|Associate Professor Menno van Zelm|
It has been known for almost three decades that B cells exist in the thymus but their function there has been unclear. Associate Professor Menno van Zelm explored this neglected area and has arrived at world-first findings answering this riddle which may lead to a better understanding of the origin of autoimmune diseases.
B cells – immune system cells that make antibodies – are normally generated in bone marrow. Their counterpart, T cells, are specifically generated in the thymus and are involved in cellular immune responses.
A/Prof van Zelm, who heads the B Cell Differentiation Laboratory in the Monash Department of Immunology and Pathology, worked with researchers at the Erasmus Medical Centre in Rotterdam, the Netherlands, to test the idea that B cells found in the thymus were involved in selection of T cells.
T cells need to ‘see’ autoantigens during their development to make sure they recognise them – if not, they are deleted according to negative selection.
The team hypothesised that the B cells presented the autoantigens to the T cells, an idea that had been suggested previously but never proved, A/Prof van Zelm said.
The researchers used tissue from children who had part of their thymus removed before undergoing heart surgery so that cardiologists could better access the heart. They extracted B cells from the tissue, made recombinant antibodies for single B cells and then tested whether these antibodies could react against autoantigens.
“We found that relatively more of these B cells react to autoantigens than B cells that you would normally find in blood,” A/Prof van Zelm said. “The thymus seemed to be enriched for autoreactive B cells.”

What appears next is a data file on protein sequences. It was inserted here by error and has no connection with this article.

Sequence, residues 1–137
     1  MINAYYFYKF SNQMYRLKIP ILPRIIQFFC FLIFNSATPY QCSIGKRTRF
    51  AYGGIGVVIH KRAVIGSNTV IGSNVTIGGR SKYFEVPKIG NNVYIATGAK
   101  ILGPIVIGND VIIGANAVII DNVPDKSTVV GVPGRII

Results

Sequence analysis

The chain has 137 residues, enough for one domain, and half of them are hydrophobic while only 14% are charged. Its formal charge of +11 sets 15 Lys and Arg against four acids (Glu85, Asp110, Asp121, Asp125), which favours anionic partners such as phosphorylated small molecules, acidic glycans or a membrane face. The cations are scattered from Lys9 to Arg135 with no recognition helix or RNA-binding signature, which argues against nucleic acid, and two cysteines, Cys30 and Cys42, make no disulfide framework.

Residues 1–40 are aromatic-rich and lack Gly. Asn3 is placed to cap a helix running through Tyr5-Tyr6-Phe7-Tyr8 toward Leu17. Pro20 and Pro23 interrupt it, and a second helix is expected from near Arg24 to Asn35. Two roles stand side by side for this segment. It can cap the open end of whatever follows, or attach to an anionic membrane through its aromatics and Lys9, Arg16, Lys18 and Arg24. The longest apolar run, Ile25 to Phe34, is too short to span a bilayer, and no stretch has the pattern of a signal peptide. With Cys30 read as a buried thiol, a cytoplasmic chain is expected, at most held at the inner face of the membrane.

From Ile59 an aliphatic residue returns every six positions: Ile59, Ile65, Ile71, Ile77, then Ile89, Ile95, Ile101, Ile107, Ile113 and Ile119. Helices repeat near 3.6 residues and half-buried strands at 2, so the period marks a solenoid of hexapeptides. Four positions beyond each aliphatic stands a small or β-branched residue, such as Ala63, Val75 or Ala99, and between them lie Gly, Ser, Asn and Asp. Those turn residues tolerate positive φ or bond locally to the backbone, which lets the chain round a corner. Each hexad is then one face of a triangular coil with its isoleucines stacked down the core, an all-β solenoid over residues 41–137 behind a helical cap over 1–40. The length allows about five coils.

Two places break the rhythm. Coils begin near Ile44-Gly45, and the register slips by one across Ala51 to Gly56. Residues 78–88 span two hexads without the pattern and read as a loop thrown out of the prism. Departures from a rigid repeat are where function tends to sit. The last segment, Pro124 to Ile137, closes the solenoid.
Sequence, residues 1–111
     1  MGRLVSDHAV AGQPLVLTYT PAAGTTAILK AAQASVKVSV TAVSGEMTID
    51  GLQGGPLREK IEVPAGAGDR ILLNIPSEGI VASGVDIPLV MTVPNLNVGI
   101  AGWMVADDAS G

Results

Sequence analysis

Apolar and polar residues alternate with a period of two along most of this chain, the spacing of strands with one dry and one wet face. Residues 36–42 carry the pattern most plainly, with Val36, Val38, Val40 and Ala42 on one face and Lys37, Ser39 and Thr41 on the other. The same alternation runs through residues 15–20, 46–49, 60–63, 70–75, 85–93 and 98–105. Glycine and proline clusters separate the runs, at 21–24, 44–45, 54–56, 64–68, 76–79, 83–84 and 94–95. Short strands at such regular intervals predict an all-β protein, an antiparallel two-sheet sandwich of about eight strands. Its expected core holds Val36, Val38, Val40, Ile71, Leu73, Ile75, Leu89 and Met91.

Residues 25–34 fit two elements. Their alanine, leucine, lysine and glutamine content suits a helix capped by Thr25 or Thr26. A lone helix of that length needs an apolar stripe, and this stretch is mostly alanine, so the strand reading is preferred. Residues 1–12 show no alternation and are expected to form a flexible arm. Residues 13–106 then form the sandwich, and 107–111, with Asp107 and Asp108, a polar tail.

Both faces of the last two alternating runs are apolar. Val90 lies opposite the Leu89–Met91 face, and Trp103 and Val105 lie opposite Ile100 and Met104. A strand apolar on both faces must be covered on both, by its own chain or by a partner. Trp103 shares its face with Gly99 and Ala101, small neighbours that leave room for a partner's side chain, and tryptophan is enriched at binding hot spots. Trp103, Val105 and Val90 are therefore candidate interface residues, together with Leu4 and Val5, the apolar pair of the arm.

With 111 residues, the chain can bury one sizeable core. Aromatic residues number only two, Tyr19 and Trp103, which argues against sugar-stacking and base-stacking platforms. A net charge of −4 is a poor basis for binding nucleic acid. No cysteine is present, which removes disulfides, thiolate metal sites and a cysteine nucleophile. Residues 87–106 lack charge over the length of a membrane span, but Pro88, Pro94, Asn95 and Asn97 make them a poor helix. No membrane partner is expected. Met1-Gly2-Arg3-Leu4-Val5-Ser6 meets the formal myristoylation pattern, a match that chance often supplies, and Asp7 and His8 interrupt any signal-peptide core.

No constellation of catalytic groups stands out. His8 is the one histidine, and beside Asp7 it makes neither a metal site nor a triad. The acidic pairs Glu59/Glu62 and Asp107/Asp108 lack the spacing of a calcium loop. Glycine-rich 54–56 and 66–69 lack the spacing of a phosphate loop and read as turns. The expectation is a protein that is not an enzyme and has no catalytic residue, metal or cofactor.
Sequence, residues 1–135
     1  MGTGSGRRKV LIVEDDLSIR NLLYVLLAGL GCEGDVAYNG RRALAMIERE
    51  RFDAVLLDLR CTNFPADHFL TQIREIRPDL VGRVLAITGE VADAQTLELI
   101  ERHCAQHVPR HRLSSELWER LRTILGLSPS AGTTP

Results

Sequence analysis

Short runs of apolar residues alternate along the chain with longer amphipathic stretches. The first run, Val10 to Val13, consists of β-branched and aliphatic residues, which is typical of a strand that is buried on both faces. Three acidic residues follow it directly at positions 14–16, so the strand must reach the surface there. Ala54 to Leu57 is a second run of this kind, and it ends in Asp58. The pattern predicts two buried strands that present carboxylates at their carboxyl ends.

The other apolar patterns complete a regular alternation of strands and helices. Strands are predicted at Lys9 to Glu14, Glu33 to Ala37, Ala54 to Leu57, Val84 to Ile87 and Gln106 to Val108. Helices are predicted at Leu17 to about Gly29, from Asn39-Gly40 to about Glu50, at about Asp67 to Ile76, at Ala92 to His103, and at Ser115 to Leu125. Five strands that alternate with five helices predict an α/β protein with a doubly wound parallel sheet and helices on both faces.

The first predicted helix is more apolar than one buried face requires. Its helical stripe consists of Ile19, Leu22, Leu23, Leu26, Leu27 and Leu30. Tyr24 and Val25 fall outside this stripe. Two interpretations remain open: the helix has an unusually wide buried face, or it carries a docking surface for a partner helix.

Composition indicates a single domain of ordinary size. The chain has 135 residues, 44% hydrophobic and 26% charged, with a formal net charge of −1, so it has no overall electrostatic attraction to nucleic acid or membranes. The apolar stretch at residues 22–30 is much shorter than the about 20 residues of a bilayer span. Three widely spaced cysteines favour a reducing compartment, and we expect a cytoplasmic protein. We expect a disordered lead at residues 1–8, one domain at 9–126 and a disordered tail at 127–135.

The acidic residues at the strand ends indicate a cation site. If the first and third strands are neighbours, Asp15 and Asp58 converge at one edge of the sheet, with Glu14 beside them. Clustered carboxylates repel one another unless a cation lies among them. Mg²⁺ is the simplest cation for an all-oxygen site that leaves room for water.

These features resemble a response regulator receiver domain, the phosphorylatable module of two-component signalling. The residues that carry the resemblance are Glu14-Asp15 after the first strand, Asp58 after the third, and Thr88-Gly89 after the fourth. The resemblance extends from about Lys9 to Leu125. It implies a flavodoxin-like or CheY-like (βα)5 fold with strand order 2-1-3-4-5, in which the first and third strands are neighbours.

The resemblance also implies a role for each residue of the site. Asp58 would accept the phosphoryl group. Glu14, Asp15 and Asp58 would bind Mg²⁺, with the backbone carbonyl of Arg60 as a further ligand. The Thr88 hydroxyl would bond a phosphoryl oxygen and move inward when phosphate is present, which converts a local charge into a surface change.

Binding to autoantigens enables B cells to process these and present them to the T cells using MHC Class II molecules.
But more work is needed to test how important B cells are in thymic selection, he said.
The team’s paper, published in early June in The Journal of Immunology, has already met with a positive reception – the journal highlighted it as being among the edition’s top 10 per cent of articles.
A/Prof van Zelm conducted the research with colleagues in Rotterdam before moving to Melbourne last year to accept an appointment at Monash University. A lab scientist, his main focus is on B cell biology and the mechanisms in which B cells contribute to immunity.
He is known for his pioneering work into stepwise human B cell differentiation in bone marrow, for describing the first antibody-deficient patients with CD19 gene defects and for identifying the first CD81 deficiency.
The recent paper has led to a collaboration with physicians at the Royal Children’s Hospital to investigate DiGeorge syndrome, a genetic disorder affecting the thymus of children. Patients with the syndrome have symptoms ranging from heart defects, poor immune system function, cleft palate to developmental disorders.
A/Prof van Zelm hopes the research will give more insights into what’s going wrong with patients who don’t respond well to existing treatment, point to markers for this, and then to markers in other patient groups.
Reference: J Immunol. DOI: 10.4049/jimmunol.1501992